The death of actress Natalie Wood has been re-opened in light of an amended coroner’s report. The report now contends that the bruises found on the actress suggest she was beaten before she fell in the water off Catalina Island and drowned.
Wood, who was best known for playing little Susie in the 1947 movie “Miracle of 34th Street” and starring opposite James Dean in “Rebel Without a Cause,” was found dead on November 30, 1981 floating in the water just off the shore of Catalina Island, and about a mile from her yacht, the Splendor. The autopsy report at the time said the actress died of a combination of drowning and hypothermia.
The case was re-opened in November 2011 after the captain of the yacht Dennis Davern revealed that Wood’s husband Robert Wagner had been fighting with her up until the moment she went missing. Wagner told police in 1981 that Wood was not in the cabin when he went to bed, and that he thought she must have gotten up in to re-tie a dingy that was banging against the boat when she fell in the water.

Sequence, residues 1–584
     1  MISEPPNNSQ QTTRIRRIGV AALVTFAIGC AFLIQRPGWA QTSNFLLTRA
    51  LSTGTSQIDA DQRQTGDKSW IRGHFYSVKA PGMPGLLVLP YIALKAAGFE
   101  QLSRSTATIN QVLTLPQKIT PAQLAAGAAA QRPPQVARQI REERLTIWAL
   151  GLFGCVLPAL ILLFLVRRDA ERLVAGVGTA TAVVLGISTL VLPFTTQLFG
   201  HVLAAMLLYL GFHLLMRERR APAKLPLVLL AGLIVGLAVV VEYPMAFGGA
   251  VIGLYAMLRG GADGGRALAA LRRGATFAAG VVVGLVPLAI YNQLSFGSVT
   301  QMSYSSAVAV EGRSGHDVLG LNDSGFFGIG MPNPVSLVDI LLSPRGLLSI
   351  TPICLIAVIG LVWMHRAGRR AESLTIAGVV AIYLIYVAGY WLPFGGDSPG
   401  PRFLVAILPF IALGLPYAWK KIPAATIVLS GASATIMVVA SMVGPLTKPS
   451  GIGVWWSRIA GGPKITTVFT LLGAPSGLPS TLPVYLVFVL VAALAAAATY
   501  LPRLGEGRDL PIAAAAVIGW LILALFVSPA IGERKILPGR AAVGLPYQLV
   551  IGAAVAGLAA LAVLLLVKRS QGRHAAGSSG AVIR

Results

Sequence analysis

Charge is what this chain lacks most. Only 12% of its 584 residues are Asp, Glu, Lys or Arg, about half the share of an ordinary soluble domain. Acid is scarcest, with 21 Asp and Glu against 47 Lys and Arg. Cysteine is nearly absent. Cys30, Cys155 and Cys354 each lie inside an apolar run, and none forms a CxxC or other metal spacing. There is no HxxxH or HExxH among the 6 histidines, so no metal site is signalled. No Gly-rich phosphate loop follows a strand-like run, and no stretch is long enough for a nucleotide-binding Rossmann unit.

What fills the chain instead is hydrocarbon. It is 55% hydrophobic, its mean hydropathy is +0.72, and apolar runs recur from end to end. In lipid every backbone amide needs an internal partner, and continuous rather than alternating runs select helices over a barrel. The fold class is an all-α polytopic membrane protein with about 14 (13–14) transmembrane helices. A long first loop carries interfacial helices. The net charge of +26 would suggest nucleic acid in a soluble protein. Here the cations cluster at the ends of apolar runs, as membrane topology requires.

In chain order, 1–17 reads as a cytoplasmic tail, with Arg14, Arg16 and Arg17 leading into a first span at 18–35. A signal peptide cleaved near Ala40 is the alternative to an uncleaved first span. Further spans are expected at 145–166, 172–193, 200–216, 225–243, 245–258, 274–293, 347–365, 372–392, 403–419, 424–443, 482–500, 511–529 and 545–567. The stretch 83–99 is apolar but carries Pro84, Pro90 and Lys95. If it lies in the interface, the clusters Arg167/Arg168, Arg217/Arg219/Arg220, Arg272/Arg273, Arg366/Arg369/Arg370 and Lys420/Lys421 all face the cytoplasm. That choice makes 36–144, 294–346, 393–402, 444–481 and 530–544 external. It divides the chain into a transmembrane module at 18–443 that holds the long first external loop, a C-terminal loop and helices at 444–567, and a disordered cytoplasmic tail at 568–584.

The Los Angeles County Coroner’s office released their amended report Monday, citing that the bruises on the actress’ wrists, knees and ankles are likely more consistent with an assault prior to her fall off the boat, yet they have not been able to find enough evidence to classify the case as a homicide.
Wood, who was 43 when she died, had been on Catalina Island at a restaurant that night with her husband and costar Christopher Walken. All three had been drinking heavily by the time they returned to the yacht, and when the actress was found, it was revealed she had a blood alcohol level of .14 percent as well as motion sickness and pain killer medicine in her system.